A Whooping $925 Million for the Aston Martin Brand

by : Glady Reign



The Ford Motor Co. is selling its British luxury unit Aston Martin to a group led by David Richards, the former Benetton and BAR motor racing entrepreneur. The sales transaction would involve a whooping $925 million or 479 million pounds.

The automaker said last Monday that it would retain a 40 million pound investment in the Aston Martin. The unit, headquartered at Gaydon, Warwickshire, England, is famed for its luxury performance. But the popularity is heightened by James Bond movies where the models of the units are featured.

The unit's name is based from the combination of Clinton hill climb and one of the company's founders named Lionel Martin. The unit became part of the Premier Automotive Group which is a division of Ford Motor Co. back in 1994. But the unit was put up for sale in August last year. On the 12th of this month, the unit was purchased by the British consortium. The deal though is expected to close in the second quarter of this year.

According to the sources familiar to the deal, Richards, the founder and chairman of Prodrive motor-sport and engineering, will be backed by Kuwait's Investment Dar and Adeem Investment Co, and John Sinders, a banker in finance and shipping from Dubai, Houston, and Texas. Richards will join the Aston Martin board as non-executive chairman.

Ford was earlier quoted saying that it was considering the sale of Aston Martin to free funds to invest in its other brands amid a sharp downturn in sales. It could be noted that the second largest automaker in the United States has posted its biggest loss last year. For the first time in its 103-year existence in the auto industry, the automaker let the $12.7 billion into the red. The loss is basically attributed to the soaring fuel prices and interest rates. This situation drove consumers away from the sport utility vehicle and truck segments, which usually are accounted for most profits.

Ford, in the early stage of its four-year turnaround plan, decided to close 16 plants and cut up to 45,000 jobs. "The sale of Aston Martin supports the key objectives of the company, to restructure to operate profitably at lower volumes and changed model mix and to speed the development of new products," Ford President and Chief Executive Officer Alan Mulally said in a statement. He added, "From Aston Martin's point of view, the sale will provide access to additional capital, which will allow Aston Martin to continue the growth it has experienced under Ford's stewardship."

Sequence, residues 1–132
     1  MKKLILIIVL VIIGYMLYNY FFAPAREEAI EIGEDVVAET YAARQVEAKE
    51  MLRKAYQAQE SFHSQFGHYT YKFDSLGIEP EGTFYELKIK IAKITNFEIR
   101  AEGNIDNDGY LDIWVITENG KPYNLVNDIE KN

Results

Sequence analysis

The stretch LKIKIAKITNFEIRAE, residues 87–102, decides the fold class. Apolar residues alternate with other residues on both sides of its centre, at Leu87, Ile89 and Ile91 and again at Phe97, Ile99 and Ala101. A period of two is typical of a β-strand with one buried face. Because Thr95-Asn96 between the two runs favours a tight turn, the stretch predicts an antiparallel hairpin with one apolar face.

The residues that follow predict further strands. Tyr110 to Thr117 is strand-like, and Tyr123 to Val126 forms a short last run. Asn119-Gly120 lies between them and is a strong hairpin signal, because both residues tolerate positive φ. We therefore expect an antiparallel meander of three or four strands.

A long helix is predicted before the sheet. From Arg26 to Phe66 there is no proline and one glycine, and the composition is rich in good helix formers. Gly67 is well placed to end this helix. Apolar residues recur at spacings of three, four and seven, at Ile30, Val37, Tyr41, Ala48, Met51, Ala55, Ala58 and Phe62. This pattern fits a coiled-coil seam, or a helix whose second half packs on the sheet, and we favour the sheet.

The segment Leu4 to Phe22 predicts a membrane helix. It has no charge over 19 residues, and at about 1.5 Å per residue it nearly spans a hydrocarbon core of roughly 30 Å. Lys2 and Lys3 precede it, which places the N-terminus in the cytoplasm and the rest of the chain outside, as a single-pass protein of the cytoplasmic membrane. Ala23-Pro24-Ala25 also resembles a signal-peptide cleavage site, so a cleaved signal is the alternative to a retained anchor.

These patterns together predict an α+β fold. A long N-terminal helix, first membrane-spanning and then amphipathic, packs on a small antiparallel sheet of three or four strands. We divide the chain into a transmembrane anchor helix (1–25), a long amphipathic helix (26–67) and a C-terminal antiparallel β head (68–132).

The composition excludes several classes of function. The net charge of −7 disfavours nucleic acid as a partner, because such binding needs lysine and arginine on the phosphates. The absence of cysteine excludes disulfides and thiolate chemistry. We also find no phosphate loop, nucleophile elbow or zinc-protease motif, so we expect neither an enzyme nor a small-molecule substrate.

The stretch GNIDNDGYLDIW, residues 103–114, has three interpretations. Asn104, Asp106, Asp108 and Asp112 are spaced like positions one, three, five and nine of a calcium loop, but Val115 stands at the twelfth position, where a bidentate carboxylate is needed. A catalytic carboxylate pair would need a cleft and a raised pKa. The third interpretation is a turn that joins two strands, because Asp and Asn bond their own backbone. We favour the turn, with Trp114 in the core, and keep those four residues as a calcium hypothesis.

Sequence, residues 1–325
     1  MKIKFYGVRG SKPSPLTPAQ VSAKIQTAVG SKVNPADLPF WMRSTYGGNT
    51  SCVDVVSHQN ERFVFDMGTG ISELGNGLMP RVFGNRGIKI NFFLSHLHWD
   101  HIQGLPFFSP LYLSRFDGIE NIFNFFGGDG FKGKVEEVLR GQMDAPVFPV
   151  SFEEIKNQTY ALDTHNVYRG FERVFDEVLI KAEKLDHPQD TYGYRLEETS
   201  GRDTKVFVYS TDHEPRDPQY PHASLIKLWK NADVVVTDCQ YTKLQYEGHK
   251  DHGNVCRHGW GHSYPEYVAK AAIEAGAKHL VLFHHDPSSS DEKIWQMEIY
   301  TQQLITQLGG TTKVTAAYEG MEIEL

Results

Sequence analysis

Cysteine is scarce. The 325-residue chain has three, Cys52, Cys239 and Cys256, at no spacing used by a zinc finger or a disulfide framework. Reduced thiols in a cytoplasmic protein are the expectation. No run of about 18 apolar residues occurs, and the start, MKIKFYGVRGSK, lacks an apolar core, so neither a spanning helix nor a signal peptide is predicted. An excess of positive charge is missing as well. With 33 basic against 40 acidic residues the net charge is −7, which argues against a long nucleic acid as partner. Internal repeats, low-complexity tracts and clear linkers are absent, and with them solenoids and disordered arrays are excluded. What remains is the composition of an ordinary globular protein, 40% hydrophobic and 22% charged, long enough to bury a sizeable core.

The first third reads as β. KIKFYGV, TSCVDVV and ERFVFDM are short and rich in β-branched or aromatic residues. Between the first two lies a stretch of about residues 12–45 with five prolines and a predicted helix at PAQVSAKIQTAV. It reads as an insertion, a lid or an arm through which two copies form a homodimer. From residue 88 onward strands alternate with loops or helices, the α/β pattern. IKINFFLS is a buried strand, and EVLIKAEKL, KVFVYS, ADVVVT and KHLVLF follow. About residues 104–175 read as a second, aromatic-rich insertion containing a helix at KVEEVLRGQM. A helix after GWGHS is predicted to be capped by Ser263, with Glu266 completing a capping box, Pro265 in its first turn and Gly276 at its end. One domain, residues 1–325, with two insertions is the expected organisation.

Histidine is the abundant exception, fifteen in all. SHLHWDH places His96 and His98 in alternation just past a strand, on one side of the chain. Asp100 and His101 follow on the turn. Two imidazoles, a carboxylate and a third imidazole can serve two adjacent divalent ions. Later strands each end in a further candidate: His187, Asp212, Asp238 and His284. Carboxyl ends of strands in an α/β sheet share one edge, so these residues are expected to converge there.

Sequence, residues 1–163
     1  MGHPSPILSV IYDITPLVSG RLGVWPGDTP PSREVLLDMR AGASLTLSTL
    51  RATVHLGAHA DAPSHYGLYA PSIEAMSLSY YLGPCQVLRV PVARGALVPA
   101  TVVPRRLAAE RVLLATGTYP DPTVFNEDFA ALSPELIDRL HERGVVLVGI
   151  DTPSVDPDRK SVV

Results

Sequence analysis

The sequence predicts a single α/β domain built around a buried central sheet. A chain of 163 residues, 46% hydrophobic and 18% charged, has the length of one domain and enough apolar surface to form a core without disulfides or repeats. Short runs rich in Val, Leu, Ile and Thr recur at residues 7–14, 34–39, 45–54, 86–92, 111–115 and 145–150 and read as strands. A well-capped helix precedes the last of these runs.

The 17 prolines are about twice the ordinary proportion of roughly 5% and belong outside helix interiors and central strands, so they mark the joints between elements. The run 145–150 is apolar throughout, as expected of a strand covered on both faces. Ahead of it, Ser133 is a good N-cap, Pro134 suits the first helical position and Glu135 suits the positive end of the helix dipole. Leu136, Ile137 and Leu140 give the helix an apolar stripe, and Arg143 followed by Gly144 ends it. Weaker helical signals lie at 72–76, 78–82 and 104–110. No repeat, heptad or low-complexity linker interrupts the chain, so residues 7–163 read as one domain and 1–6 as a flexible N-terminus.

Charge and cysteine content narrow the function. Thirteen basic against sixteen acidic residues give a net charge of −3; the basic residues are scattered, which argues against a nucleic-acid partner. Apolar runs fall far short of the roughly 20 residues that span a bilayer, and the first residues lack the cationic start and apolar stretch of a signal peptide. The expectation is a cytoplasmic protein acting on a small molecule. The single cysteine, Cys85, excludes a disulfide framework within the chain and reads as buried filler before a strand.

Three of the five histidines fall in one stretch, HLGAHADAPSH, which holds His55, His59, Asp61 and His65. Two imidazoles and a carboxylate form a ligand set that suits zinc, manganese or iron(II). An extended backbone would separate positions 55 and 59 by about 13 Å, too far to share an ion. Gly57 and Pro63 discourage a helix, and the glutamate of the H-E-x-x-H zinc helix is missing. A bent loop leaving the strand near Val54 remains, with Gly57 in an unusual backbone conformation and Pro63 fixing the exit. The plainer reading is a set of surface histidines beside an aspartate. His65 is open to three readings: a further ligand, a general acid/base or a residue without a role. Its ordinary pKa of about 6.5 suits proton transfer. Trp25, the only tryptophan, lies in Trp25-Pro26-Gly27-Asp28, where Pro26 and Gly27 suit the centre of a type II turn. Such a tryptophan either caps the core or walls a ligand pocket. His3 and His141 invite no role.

The Aston Martin name became an instant star in the 1964 James Bond film "Goldfinger", with Sean Connery swapping his Bentley for a gadget-laden DB5. The car is equipped with powerful parts that ejector seat, rockets and a retractable armored shield and that sure is far beyond the offerings of a or a Land Rover engine.

Daniel Craig was behind the DBS in the latest James Bond film titles "Casino Royale." The Transport and General Workers Union (T&G), which represents Aston Martin workers, said that the criteria for the sale should be to keep manufacturing in Britain and maximize jobs. "The bid from Prodrive appears to best meet our criterion which is why we're looking forward to meeting with them at the earliest opportunity," said Dave Osborne, the T&G national secretary for the car industry, said in a statement. "This is a good business with a skilled workforce and a new leadership with a background in the industry."

The automaker said in January that Aston Martin was on a solid financial footing and had increased sales by around a half last year to about 6,500 units.